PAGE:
Working Up To It

Written on 01/04/2021

So, with "husbandry" came a few things that, at first, I wasn't so sure about. I certainly wasn't prepared to be giving injections with giant, gnarly needles (I hate needles and pass out when I give blood). Nor was I all that keen to be popping my shoulder-glove-covered arm into the birth canal of a ewe to rearrange a lamb that was not properly situated for the ewe to manage by herself. And I can definitely assure you I was in no way prepared to slide a 1/4" tube down the throat and into the stomach of a tiny, hours-old lamb in dire need of colostrum (a mother's first milk). 

But, I can say with incredible confidence, that to me one of the best parts of being a human being is that we do seem to be capable of more than we think we are – stepping up to it when someone (or something) is counting on us. It just seems to be built in to our DNA. Today, things I never pictured myself doing, are now no big deal. But, I can also say with the same certainty, that I had to dig deep down within to make myself do a few of the things required of a sheep farmer. I had to mentally work up to a few things – and that's okay too.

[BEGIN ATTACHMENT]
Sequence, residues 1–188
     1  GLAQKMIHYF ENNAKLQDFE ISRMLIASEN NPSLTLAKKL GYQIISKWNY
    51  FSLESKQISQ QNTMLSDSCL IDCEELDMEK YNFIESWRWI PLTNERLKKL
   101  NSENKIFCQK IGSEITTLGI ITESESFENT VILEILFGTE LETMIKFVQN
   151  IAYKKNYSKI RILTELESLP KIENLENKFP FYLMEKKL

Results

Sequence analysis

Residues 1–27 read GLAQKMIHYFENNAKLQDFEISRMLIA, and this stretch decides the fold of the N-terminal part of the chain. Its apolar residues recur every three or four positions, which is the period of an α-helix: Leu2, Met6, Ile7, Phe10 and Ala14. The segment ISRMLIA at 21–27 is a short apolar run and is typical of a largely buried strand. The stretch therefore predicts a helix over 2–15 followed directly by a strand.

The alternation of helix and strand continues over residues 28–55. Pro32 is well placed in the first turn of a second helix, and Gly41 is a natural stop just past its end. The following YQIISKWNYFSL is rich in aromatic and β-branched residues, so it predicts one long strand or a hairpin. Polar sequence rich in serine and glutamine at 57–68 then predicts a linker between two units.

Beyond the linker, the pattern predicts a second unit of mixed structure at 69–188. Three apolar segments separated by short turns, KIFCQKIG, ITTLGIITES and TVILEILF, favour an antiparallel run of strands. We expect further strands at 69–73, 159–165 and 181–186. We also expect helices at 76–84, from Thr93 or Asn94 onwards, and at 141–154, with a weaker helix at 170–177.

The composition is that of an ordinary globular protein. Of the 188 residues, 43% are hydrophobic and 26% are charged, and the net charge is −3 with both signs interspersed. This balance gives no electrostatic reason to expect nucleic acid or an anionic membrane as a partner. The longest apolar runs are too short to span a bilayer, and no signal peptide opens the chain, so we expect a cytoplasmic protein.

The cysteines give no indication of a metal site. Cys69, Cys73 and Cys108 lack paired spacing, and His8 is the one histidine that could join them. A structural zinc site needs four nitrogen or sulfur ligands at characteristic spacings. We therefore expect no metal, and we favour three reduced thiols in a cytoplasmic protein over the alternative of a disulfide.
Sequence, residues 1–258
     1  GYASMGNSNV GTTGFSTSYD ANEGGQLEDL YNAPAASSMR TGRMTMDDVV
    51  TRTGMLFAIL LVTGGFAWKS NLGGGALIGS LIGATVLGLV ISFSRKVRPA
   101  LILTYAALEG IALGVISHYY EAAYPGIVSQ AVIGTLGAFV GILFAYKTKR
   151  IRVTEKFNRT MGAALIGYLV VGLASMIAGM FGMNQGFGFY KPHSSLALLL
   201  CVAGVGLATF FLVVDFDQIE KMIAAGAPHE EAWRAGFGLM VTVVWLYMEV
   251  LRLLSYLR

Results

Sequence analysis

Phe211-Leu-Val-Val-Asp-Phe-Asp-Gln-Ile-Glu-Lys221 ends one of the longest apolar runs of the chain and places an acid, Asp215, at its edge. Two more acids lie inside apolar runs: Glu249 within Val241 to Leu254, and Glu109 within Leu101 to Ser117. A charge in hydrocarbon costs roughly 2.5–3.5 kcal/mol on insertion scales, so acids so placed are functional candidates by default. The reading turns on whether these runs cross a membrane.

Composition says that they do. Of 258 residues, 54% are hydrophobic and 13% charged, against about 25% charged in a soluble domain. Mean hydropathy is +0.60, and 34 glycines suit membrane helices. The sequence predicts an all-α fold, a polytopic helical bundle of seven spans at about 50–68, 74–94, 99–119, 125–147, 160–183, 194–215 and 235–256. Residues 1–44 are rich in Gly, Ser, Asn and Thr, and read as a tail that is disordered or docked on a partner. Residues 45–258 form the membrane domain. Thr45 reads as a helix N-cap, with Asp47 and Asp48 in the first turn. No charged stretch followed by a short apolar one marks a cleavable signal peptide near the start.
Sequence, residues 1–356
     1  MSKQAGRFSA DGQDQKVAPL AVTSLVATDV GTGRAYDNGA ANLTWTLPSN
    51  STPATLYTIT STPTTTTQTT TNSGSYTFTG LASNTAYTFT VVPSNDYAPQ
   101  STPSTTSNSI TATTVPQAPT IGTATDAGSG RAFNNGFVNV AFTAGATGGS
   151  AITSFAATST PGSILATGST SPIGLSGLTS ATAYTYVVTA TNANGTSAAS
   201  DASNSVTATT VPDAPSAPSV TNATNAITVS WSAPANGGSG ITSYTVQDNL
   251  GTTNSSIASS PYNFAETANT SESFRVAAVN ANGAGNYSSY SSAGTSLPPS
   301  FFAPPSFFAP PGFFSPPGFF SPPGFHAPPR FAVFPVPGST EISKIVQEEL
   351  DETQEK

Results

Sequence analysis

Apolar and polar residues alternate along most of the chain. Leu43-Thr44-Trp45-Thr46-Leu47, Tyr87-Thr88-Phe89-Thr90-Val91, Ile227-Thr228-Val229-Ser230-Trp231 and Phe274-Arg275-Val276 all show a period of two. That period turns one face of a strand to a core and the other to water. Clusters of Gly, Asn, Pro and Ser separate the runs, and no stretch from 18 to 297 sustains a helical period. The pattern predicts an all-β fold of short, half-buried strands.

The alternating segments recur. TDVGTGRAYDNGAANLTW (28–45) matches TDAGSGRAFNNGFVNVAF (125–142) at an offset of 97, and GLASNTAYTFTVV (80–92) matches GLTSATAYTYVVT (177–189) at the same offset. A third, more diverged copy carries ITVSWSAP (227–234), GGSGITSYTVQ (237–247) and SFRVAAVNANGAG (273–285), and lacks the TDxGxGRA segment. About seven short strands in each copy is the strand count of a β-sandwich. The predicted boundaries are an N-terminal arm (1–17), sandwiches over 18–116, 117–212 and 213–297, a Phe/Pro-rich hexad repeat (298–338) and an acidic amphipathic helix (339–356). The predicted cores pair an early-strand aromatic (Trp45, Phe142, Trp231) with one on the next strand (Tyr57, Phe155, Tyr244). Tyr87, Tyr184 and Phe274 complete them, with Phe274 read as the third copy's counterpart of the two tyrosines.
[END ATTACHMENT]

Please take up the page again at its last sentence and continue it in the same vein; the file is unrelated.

I suppose if I had had any children, it is a similar sense of responsibility. I've always just had animals to care for (as a workaholic at the time, I would have been a nightmare mother!) – but I suppose human nature kicks in when someone is in your care – albeit, human, dog, donkey – or sheep.

Here's a few of the more difficult, unexpected things a shepherd finds themselves dealing with:

  • Sheep poop. Call it scours, poop, diarrhea, dung, muck, turds. In the world of ruminants, there's a lot of it – and, I might add, it's everywhere. Some is gross, like the bright yellow gunk that a newborn lamb poops out after drinking the mother's very rich, early milk. Some poop is just basically a "grassy pellet" and looks like a small brown chocolate milk dud (a brand of candy we used to eat at the movies as teenagers). I've also learned that sheep shite loves to adhere to shoes and boots and it tracks splendidly into the house if you forget to hose it off! Soon enough you will get over it. It just comes with the title.